Monday, April 28, 2003
I really should be studying, but after reading today's editorial, I couldn't resist.
The editorial starts, of course, with a thinly-veiled attempt to make anyone who would support such "insane" legislation a crazed gun-nut.
What kind of person would bring a loaded handgun into the Metrodome? And should that kind of person be catered to politically? Such are the questions facing Minnesota state senators as they consider a bill that would ease requirements for concealed handgun permits.
The silly stereotyping is bad enough, but even worse is that the editorial board didn't even get their facts straight first. The reference to the Metrodome is based on the following assertion:
Whereas legislators would be protected by a stipulation in the bill barring concealed weapons from state government facilities, places like Minneapolis City Hall, the Metrodome, public parks and the State Fair are directly specified to be free range for gun-toting “enthusiasts.”
This suggests that Twins and Vikings games would be declared by state law to be zones in which guns could not be prohibited. However, the Minnesota Daily editorial board is apparently the only group of journalists that have noticed this part of the legislation, which is presumably written in disappearing invisible ink, the kind you made with lemon juice when you were a kid that only appears when you hold it next to a light bulb. Even the Star Tribune engages in less scaremongering about the legislation when they actually report on the concerns of those in charge of public facilities. According to the Strib:
Under the proposed law, a public building leased or controlled even temporarily by a private organization -- say, the Vikings during a game at the Metrodome or a music promoter during a concert at Xcel Energy Center -- could post signs prohibiting firearms.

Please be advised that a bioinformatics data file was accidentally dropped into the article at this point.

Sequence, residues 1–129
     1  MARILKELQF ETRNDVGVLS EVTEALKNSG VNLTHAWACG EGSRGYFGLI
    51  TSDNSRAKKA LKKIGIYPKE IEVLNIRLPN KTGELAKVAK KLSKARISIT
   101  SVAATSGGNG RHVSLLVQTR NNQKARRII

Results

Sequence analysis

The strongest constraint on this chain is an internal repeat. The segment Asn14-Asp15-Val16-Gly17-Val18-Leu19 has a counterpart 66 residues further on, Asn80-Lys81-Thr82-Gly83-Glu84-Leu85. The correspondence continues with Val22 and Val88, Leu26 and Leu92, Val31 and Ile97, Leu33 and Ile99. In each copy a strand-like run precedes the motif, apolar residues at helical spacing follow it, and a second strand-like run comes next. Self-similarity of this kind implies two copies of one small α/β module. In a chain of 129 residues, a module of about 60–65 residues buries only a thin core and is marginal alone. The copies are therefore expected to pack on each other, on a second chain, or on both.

In other words, the editorial staff is either being deliberately misleading or they simply have already made up their minds about their bill and don't want to be confused with the facts. The concern of people running facilities like the Metrodome is not the illegality of their attempts to prohibit guns. They are concerned that with more people carrying guns, more people will try to bring them into the facilities. However, people can carry guns now if they don't get caught, and as a result, the Metrodome, Target Center, and the Xcel Center already have security that is supposed to catch gun carriers. If that security is unable to take care of the problem after this bill is passed, there is no reason to believe spectators at those places are any safer without the bill.
Then the editorial board steps in way over their collective heads.
While most gun lovers are responsible citizens, the idea that a heavily armed citizenry is a deterrent for crime is highly debatable and unverifiable. Studies have shown concealed handguns deter criminals. Studies have also shown more guns encourage more gun deaths. In the end, the sources for gun-related studies tend to be more important than the actual information. These studies are extremely difficult to conduct, are often based correlation rather than proven causation and are highly dependent on who is paying for the information.